The Roman period
The Palestinian territories were conquered by Pompey in 63 BC and remained under Roman control throughout the lifetime of Jesus Christ. The territories conquered by the Romans were divided into various tetrarchies. Among these, the city of Bethlehem was under the control of King Herod I (“the Great”), who in approximately 30 BC had a fortified palace called Herodion built on the outskirts of the city.
The era about which we are speaking was clearly marked by the event of the birth of Jesus Christ, which saw the coming of the Christian era and also coincided with a great revolt of the Jewish people against Roman rule. In 6 AD the ethnarch Archelaus was deposed and Judea was incorporated into the imperial province of Syria and administered by procurators based in Caesarea Maritima.
When Jerusalem was destroyed by Titus in 70 AD, Bethlehem was fortunately spared. The holy place was already a site of worship by the first Christians who venerated the cave in which Jesus had been born. During this period the Jewish revolts increased in intensity and were suppressed during the reign of Hadrian, who decided to construct in Bethlehem a pagan temple dedicated to Adonis above the Grotto of the Nativity, which was to be buried and destroyed along with all signs of Christianity, as had already occurred with the Holy Sepulchre in Jerusalem.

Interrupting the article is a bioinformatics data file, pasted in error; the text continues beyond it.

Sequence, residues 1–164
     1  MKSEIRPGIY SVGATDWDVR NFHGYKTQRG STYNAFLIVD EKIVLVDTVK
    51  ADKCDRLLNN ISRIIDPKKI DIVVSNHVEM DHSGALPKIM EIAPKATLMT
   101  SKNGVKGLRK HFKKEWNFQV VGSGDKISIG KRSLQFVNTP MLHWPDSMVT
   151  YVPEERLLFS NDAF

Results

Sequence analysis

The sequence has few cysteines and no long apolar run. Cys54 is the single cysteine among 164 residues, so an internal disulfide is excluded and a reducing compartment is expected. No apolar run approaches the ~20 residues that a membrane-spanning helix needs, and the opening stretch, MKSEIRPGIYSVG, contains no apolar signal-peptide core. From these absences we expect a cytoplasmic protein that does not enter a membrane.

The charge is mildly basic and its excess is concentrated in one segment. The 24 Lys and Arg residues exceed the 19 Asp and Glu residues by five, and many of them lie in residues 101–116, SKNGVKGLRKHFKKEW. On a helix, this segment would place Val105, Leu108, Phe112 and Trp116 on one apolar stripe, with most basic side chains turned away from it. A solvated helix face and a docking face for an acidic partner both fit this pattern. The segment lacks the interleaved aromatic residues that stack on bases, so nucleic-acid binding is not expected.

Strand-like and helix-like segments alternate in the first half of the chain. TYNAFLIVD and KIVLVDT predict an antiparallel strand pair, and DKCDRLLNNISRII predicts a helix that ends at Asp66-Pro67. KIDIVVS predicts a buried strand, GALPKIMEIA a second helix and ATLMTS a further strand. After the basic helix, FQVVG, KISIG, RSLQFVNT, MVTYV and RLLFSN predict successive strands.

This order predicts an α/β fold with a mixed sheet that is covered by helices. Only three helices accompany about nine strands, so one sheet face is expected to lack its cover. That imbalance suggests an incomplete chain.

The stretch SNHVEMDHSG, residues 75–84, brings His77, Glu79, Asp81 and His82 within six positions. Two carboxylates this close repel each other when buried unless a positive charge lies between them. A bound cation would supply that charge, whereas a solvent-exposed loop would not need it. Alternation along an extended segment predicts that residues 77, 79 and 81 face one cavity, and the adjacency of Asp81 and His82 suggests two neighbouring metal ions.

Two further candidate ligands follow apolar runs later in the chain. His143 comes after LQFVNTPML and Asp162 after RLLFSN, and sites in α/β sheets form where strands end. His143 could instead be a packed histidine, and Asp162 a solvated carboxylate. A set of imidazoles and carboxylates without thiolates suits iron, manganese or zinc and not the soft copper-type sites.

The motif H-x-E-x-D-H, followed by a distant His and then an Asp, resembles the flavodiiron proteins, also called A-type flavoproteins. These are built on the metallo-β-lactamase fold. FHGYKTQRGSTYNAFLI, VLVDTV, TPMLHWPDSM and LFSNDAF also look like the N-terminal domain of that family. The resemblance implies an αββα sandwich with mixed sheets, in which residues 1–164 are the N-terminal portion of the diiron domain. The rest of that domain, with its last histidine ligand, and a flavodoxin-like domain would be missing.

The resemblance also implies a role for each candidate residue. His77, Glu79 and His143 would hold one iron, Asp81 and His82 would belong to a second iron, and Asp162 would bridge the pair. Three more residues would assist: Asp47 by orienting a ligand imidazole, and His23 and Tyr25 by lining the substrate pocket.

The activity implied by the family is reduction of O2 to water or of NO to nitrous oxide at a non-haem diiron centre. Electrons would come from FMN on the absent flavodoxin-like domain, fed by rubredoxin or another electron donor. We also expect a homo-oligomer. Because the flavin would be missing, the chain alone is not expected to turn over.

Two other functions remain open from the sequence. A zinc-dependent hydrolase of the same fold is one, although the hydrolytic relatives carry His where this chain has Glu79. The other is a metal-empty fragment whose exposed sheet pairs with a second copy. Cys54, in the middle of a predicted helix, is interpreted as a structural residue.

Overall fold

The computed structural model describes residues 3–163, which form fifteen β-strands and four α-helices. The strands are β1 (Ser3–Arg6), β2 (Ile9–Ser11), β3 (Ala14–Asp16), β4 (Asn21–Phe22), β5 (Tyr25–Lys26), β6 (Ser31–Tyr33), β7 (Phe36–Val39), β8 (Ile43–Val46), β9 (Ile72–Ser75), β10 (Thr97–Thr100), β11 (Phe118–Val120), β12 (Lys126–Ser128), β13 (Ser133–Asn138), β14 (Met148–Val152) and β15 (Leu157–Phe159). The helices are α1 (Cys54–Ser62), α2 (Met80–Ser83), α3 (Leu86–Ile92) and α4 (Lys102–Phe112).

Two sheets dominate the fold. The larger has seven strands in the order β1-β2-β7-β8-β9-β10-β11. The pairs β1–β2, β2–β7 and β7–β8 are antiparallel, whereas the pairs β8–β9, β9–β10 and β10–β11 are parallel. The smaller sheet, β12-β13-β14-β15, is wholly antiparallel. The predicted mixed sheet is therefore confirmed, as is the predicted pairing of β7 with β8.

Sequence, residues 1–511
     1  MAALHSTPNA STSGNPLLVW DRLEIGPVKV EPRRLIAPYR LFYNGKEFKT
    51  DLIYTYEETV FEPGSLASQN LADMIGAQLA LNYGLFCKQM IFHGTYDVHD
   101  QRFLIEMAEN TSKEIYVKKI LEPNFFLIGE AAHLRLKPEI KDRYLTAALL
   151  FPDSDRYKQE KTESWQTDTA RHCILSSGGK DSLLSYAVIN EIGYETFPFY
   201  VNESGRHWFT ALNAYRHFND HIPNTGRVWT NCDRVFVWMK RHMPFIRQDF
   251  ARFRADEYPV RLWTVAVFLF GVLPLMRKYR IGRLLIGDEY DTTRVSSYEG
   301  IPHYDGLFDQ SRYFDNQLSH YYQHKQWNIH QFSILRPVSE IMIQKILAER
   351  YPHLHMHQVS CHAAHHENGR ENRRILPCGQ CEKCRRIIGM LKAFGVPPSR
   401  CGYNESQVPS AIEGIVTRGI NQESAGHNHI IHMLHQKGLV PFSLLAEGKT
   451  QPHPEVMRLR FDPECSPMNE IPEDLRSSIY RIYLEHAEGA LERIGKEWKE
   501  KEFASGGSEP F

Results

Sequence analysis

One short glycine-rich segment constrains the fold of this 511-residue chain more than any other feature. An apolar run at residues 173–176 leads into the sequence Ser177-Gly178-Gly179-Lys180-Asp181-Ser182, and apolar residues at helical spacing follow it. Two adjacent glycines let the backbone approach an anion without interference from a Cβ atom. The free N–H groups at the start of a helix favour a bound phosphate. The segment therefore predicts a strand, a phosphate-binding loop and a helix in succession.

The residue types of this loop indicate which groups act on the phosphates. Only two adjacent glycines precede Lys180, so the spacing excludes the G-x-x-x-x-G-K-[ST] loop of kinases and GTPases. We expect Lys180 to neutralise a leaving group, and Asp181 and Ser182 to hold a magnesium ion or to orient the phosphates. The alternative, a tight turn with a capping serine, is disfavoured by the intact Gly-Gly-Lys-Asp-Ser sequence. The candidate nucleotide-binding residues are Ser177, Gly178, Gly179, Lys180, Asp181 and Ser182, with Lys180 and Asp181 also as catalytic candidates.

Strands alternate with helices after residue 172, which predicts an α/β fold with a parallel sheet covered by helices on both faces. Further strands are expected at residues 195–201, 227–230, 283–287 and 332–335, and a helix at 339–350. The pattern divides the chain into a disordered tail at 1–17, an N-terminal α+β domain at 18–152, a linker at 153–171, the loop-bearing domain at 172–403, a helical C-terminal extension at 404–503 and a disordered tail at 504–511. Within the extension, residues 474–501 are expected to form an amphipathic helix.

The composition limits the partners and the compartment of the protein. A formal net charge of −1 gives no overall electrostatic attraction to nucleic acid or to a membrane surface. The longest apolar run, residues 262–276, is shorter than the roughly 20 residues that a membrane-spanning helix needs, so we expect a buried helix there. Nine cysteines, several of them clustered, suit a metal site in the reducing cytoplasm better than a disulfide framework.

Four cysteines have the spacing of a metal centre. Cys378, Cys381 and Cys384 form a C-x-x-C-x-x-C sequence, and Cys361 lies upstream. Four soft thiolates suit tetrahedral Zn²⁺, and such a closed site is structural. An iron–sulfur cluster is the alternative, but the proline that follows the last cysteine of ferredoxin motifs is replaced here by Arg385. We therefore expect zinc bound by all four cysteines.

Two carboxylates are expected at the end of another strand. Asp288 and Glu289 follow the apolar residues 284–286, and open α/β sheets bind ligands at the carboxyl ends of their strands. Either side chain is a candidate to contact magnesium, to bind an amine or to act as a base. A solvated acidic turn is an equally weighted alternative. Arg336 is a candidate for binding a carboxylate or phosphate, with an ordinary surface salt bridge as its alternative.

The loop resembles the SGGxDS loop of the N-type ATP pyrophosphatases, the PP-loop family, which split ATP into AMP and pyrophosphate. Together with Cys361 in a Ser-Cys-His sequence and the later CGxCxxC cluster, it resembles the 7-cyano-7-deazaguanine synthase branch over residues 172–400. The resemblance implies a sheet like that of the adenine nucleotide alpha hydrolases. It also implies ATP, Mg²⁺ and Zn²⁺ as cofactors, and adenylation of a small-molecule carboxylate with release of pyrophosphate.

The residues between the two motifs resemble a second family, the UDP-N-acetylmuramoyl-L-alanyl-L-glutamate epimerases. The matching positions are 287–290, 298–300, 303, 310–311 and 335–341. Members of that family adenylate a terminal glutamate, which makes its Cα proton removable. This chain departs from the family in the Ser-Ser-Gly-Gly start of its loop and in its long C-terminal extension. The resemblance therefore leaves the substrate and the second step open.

The place at that time must still have been in its natural state, as it was to be described later by Jerome who provides us with this evidence. As attested for us by Origen in his writings, a clear memory has always existed that it was in this place that Jesus was born. Due to the brutal repressions many Judeo-Christians departed, leaving the town in the hands of pagans who continued with their religion.